Review: Success of lumbar puncture is enhanced by reinserting the stylet before removing the needlePDF
ACP J Club. 2007 Mar-Apr;146:42. doi:10.7326/ACPJC-2007-146-2-042
Clinical Impact Ratings
Straus SE, Thorpe KE, Holroyd-Leduc J. How do I perform a lumbar puncture and analyze the results to diagnose bacterial meningitis? JAMA. 2006;296:2012-22. [PubMed ID: 17062865]
In patients requiring lumbar puncture (LP), what interventions enhance the success and minimize the adverse effects of the procedure? How accurate is cerebrospinal fluid (CSF) analysis for diagnosis of bacterial meningitis?
Data sources: Cochrane Library, MEDLINE (1966 to January 2006), EMBASE/Excerpta Medica (1980 to January 2006), and bibliographies of retrieved articles.
Study selection and assessment: Intervention: Randomized controlled trials (RCTs) in any language that evaluated interventions to reduce headache in patients ≥ 18 years of age having a diagnostic LP. Studies of LP during spinal anesthesia or myelography were excluded.
Diagnosis: Studies that assessed the accuracy of CSF analysis in patients with suspected acute bacterial meningitis and described use of an appropriate reference standard in all patients. 15 RCTs (sample size range 44 to 600 patients) and 6 diagnostic studies (sample size range 80 to 2635 patients) met the selection criteria. Assessment of study quality included randomization procedure, blinding, and outcome assessment for intervention studies and reference standard, blinding, index test, and patient characteristics for diagnostic studies.
Outcomes: Headache ≤ 7 days after LP and accuracy of CSF analysis.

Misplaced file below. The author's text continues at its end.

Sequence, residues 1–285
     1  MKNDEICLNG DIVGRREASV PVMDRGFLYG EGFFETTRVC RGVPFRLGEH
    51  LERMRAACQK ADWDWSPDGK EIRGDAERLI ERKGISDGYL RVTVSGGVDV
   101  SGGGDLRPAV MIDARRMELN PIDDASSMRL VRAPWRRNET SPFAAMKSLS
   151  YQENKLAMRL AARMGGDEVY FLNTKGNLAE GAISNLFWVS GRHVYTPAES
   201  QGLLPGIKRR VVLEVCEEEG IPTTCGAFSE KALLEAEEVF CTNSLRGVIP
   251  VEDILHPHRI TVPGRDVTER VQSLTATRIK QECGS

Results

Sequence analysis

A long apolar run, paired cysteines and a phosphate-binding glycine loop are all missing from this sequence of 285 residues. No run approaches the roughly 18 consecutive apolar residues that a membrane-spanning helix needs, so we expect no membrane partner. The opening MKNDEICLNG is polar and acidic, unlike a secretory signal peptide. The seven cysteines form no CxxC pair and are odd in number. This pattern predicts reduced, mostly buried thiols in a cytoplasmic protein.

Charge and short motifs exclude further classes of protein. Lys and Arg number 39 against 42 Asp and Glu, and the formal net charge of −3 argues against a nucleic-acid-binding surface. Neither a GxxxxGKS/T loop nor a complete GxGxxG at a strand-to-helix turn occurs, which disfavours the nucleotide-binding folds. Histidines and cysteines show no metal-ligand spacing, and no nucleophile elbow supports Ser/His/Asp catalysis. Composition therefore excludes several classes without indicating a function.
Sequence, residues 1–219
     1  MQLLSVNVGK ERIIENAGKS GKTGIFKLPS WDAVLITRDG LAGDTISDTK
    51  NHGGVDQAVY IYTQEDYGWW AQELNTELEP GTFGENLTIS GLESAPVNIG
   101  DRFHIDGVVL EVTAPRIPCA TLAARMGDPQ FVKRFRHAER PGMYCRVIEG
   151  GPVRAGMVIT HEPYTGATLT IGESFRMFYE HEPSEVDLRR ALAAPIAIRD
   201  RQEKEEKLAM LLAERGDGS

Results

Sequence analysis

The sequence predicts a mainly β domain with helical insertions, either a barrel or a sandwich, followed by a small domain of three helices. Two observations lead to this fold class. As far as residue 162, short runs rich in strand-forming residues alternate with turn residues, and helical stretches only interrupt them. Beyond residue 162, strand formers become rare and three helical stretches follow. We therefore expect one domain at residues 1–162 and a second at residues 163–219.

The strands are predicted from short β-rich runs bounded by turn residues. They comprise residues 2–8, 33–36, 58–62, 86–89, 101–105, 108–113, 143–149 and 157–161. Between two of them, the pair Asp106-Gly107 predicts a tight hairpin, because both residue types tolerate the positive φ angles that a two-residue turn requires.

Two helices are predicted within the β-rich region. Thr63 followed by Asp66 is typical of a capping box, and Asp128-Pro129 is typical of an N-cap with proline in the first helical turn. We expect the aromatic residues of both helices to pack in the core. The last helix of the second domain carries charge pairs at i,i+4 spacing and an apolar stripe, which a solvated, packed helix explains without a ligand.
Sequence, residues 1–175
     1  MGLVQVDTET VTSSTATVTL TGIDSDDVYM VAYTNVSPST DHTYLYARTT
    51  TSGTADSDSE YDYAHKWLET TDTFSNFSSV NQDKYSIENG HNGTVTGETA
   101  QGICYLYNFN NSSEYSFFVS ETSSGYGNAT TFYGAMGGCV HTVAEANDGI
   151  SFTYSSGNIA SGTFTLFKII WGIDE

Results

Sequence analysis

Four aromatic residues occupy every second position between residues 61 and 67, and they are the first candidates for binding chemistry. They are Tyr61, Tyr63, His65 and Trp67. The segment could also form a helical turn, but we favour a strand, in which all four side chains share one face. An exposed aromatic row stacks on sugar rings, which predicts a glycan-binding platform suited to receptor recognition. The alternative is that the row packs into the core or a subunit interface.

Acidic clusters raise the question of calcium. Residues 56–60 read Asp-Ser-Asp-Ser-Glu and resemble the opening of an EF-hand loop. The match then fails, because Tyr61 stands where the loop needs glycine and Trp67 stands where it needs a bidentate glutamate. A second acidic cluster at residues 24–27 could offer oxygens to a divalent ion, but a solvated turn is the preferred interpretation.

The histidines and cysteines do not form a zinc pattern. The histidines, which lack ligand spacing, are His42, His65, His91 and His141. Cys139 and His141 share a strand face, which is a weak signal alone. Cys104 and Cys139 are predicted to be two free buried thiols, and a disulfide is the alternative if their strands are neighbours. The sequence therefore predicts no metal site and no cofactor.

Meta-analysis using random effects showed a statistically nonsignificant decrease in headache when an atraumatic needle rather than a standard needle was used (Table). Reinsertion of the stylet before removing the atraumatic needle, as compared with no reinsertion, was associated with fewer patients having headache (Table). Incidence of decrease in headache did not differ with mobilization or bed rest after LP (Table). No trials were identified that evaluated operator experience or patient positioning. The number of outcomes was too small in 1 RCT of 100 patients to compare drinking 1.5 with 3 L of fluids/d for risk for headache.
Among the 6 diagnostic studies, 3 evaluated the accuracy of CSF Gram stain. Sensitivities ranged from 56% to 86%, with 1 study reporting specificity (100%). 4 studies reported the accuracy of biochemical analysis of CSF. Increased likelihood of bacterial meningitis was seen with a leukocyte count ≥ 500/µL (positive likelihood ratio [+LR] 15, 95% CI 10 to 22), blood glucose ratio ≤ 0.4 (+LR 18, CI 12 to 27), and lactate level ≥ 3.5 mmol/L (≥ 31.5 mg/dL) (+LR 21, CI 14 to 32).
In patients requiring lumbar puncture, reinsertion of the stylet before removal of the needle should be done. Biochemical analysis, including leukocyte count, blood glucose ratio, and lactate level from the cerebrospinal fluid, help in diagnosing bacterial meningitis.